Sustainable Energy

Water way to power communities

Anmar Frangoul | Special to

Until we lose it, many of us take electricity for granted: for the past 100 years, the developed world has grown to expect a constant supply of power at the flick of a switch.

However, for many people across the globe, gaining access to a reliable supply of electricity is extremely difficult, if not impossible. While diesel generators can offer a solution, they are rarely completely reliable and, with their emissions, have an impact on the environment.

According to the International Energy Agency (IEA), "Access to electricity is particularly crucial to human development as electricity is, in practice, indispensable for certain basic activities." This is a major issue: the IEA's World Energy Outlook 2014 has reported that globally, around 1.3 billion people have no access to electricity.

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Germany based Mobile Hydro is an initiative attempting to empower the world's off-grid communities that have little or no access to reliable supplies of electricity.

Their big idea? A small, low cost, 'kinetic hydro power plant', called 'Rotor', that can be placed in rivers and generate clean, renewable electricity.

Installation artist Markus Heinsdorff came up with the initial design and concept for the Rotor. Mobile Hydro's first prototype was developed in collaboration with Technische Universität München.

"The technology is really simple," Mobile Hydro's Andreas Zeiselmair told in a phone interview.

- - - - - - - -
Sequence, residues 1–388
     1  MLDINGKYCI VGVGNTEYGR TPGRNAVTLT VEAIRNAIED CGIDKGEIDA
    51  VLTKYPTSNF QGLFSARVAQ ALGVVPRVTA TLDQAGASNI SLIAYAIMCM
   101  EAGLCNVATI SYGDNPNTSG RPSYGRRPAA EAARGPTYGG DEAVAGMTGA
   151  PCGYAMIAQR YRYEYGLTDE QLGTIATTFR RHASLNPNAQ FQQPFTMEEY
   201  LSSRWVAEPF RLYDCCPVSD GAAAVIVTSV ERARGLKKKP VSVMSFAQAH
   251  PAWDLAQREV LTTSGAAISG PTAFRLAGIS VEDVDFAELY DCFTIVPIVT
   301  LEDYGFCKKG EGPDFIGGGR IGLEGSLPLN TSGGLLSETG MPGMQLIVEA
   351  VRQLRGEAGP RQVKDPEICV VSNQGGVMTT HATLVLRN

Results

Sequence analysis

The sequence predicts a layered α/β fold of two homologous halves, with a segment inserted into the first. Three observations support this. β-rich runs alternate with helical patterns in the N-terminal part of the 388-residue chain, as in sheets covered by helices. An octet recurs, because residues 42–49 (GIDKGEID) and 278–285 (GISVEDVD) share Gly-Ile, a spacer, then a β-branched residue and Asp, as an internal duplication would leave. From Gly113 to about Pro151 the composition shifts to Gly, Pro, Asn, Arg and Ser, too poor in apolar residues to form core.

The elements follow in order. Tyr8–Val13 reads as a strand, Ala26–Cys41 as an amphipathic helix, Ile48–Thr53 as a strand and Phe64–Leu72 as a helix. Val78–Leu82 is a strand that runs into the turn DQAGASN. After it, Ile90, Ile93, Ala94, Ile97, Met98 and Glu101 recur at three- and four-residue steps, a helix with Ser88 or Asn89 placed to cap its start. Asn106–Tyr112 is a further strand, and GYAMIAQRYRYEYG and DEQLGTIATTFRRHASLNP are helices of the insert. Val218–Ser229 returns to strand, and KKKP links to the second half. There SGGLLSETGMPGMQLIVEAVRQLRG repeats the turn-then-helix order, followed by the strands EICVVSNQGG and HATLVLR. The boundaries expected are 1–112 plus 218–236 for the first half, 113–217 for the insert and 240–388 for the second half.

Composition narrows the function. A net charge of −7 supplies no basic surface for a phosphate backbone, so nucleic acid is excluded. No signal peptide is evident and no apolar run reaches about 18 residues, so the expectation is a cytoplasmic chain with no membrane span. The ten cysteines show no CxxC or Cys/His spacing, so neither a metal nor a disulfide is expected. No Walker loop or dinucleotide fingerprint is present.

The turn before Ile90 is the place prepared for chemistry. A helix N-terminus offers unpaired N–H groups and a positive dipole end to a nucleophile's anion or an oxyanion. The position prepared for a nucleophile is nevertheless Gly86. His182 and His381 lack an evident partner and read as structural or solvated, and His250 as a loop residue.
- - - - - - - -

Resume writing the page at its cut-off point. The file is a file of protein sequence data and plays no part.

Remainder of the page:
Mobile Hydro

"The whole idea behind it is that you have a 'floater' on top of the water surface. You can put the whole system into a river or any flowing waters," he added. The device is usually 'fixed' near a river's embankment with ropes, according to Zeiselmair.

"You have a turbine below the floater which turns with the flow of the river. So, we are using the flow of the river to make the turbine turn and finally to run the generator, which produces power out of the flow," Zeiselmair said.

According to Zeiselmair, depending on the flow velocity of the water, the capacity of Rotor is roughly 300 watts.

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Mobile Hydro won a Siemens Empowering People Award in 2013. The team is currently preparing three pilot installations in Colombia, Bangladesh and Tanzania, where Christoph Helf, who focuses on strategic development and implementation for Mobile Hydro, is currently based.

Helf told that the initiative's aim is simply, "To empower as many people as possible," a sentiment shared by Zeiselmair.

"Our goal is to provide the cheapest available source of energy for these regions, these off grid regions," Zeiselmair said.